Inquiry School Boards Need More Guidance on Reading Intervention

Reading intervention

Students with reading difficulties need intensive, targeted word-reading and language comprehension interventions. However, many inquiry survey respondents from schools across Ontario reported that students often didn’t get these programs unless they had a diagnosis and significant parental advocacy.

Many school boards rely on unreliable assessments of students’ book-reading levels to determine who needs intervention, and to judge the effectiveness of programs. These methods are not effective.


Reading intervention strategies help students who have difficulty in reading, improving their literacy skills and ultimately enabling them to participate fully in the classroom. This is often a challenging goal, especially in schools where resources for such programs are scarce. However, there are proven interventions that can improve student outcomes.

A successful program includes universal screenings, followed by diagnostic assessments that identify specific skills a student lacks. Teachers then reteach those skills, working from the most basic to the most complex. For example, a student who struggles with phonics may begin with a phonological awareness program, followed by a phonics program. Alternatively, the teacher may focus on building a student’s morphological awareness (the ability to distinguish prefixes, suffixes and base words).

Individualized interventions provide students with more attention and a more personalized learning experience. This helps increase motivation and fosters a strong teacher-student rapport, which increases student engagement. Additionally, the individualized instruction allows students to work at their own pace, addressing their unique learning needs.


In group reading interventions, students with similar reading skills are grouped together and receive instruction from a teacher. The benefits of this approach include increased peer interaction and collaborative learning. Group instruction also allows educators to allocate their time and resources by catering to the specific needs of multiple students simultaneously.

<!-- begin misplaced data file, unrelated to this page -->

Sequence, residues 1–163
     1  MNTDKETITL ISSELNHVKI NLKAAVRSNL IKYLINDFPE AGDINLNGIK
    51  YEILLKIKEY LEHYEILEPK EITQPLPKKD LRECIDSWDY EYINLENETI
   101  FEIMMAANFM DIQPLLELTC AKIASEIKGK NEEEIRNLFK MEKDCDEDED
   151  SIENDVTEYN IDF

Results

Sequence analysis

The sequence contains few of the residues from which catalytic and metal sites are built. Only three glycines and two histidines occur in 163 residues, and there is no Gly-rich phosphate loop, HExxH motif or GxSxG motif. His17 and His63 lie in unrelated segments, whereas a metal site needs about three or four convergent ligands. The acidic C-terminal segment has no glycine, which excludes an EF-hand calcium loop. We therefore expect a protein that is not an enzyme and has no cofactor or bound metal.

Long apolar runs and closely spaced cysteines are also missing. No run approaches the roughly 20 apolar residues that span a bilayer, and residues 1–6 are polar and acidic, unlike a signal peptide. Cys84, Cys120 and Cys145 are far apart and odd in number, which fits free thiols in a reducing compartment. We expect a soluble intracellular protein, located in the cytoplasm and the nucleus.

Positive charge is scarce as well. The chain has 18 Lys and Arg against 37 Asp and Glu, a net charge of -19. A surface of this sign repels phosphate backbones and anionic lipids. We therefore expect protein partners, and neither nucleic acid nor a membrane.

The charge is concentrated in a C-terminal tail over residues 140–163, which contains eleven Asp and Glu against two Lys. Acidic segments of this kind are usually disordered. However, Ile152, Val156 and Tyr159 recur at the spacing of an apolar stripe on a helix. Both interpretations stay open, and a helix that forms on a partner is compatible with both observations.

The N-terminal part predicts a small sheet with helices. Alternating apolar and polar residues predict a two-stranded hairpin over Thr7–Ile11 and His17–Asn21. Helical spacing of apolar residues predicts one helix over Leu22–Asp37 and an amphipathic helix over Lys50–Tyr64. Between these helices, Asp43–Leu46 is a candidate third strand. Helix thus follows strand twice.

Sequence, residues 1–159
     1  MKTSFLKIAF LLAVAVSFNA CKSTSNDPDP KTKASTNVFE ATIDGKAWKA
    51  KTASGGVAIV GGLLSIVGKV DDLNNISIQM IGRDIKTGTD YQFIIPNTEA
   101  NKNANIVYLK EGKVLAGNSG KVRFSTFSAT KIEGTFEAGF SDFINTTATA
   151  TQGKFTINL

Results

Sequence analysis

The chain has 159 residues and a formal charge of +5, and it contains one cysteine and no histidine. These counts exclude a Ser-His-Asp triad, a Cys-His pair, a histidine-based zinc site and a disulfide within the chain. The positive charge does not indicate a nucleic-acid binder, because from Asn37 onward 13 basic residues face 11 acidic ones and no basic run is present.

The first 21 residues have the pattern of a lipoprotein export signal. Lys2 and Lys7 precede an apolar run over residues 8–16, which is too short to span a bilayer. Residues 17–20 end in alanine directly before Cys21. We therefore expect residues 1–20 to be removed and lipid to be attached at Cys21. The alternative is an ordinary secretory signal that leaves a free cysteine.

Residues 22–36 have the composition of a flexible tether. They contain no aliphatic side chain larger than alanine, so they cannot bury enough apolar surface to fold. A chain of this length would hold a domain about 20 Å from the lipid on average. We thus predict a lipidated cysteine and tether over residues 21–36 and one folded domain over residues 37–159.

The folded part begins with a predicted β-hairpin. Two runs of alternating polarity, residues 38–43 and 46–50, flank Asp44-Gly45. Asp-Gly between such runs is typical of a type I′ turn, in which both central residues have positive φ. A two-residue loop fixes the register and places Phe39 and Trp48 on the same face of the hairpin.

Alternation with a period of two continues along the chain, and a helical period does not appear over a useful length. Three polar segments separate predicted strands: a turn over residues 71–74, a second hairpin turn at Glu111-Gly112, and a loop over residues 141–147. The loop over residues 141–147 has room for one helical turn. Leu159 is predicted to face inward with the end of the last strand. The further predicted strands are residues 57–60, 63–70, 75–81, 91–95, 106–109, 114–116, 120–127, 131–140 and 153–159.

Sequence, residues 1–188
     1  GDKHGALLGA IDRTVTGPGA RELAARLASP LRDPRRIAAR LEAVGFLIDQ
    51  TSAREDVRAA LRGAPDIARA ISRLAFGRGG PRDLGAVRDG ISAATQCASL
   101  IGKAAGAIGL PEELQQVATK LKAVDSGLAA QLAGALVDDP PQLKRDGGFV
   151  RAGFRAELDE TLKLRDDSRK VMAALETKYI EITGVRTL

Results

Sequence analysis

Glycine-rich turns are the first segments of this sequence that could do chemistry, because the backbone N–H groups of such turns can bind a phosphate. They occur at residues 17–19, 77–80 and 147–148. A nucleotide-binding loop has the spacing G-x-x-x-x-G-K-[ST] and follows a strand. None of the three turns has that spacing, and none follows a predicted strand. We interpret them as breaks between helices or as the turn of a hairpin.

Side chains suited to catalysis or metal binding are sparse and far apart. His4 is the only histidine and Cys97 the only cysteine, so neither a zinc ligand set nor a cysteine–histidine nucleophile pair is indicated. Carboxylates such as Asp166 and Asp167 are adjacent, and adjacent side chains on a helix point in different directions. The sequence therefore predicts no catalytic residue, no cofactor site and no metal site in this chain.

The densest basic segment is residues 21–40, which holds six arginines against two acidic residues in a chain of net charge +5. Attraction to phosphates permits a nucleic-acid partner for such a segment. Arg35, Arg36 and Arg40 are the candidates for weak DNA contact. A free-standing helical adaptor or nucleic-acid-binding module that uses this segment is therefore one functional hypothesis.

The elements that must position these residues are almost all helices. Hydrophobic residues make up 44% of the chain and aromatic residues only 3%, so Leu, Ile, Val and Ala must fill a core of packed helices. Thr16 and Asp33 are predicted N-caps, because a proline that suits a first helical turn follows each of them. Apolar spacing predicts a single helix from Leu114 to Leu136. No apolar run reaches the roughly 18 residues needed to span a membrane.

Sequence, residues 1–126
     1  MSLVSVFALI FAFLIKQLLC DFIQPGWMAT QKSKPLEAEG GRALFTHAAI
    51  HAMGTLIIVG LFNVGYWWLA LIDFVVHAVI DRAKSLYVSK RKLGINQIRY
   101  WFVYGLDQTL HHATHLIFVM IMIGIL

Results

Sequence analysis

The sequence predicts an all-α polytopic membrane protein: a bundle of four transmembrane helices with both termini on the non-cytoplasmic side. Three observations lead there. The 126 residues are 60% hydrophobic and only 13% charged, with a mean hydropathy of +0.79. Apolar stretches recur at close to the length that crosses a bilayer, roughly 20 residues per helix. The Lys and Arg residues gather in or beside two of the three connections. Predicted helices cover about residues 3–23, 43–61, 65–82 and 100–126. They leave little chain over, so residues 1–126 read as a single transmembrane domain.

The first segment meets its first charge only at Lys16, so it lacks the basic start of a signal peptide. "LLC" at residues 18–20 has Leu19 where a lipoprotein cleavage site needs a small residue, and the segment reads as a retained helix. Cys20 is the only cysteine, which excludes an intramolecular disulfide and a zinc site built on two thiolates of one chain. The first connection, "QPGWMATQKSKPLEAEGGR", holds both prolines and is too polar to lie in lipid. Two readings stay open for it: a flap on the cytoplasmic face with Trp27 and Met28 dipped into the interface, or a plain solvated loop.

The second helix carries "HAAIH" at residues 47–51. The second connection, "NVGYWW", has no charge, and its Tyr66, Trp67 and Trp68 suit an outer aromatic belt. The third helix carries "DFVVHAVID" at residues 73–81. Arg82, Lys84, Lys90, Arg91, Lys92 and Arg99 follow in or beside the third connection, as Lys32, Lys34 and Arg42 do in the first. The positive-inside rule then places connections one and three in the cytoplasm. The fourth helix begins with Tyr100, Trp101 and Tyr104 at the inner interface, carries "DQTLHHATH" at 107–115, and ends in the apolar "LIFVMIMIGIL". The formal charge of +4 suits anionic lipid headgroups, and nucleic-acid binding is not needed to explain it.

A good program for reading intervention involves intensive instruction in the five core elements of reading proficiency: phonics, fluency, vocabulary, and comprehension. It is important to provide explicit and systematic phonics instruction, as it is the most critical component in improving reading skills.

Formative assessments should be given along the way to help teachers determine what skills are most challenging for their students. Students should be taught systematically, starting with the most basic skills and progressing to more complex ones. Teachers should also teach students to build morphological awareness, which is the ability to pull apart and define words that do not follow traditional patterns.


Students requiring reading intervention are chosen based on teacher recommendations, classroom performance and assessment results (including standardized tests, district local assessments and individual screenings). Students attend small groups that meet regularly with a certified reading specialist to receive supplemental instruction in decoding, comprehension, writing and study skills at their instructional level.

Comprehension is a child’s ability to visualize, imagine, infer and think about what they read. This is the ultimate goal of reading. When a child understands what they read, they can answer questions, make connections and laugh at jokes.

Some instructional programs are best suited for whole classroom implementation (tier 1), such as Wilson Fundations which teaches phonemic awareness, sound-symbol relationships and word study and spelling in Kindergarten to Grade 1. Other programs are better suited for small group interventions (tier 2), including Lexia which teaches phonics, syllables and sight words and provides support for comprehension. These programs are backed by strong research evidence.


Many inquiry school boards indicated they need more direction from the Ministry regarding which programs to use for reading intervention. This would help ensure that all boards are rowing in the same direction and that they’re using programs based on evidence of effectiveness. The What Works Clearinghouse and the Best Evidence Encyclopedia provide overviews of effective programs.

Reading comprehension is the ultimate goal of reading – the ability to understand and enjoy stories, information, and books. It requires students to visualize what they’re reading, make inferences and predictions, and think about the aspects of a story or text that the author is communicating.

Most schools offer a range of reading interventions to address students’ specific needs. These include supplemental instruction outside of classrooms, private tutoring, changing the way teachers instruct students, and offering alternative learning texts and computer reading programs for students. Effective RTI/MTSS frameworks incorporate these approaches and more. The key is ensuring that all teaching and interventions are based on evidence from research.

Inquiry School Boards Need More Guidance on Reading Intervention
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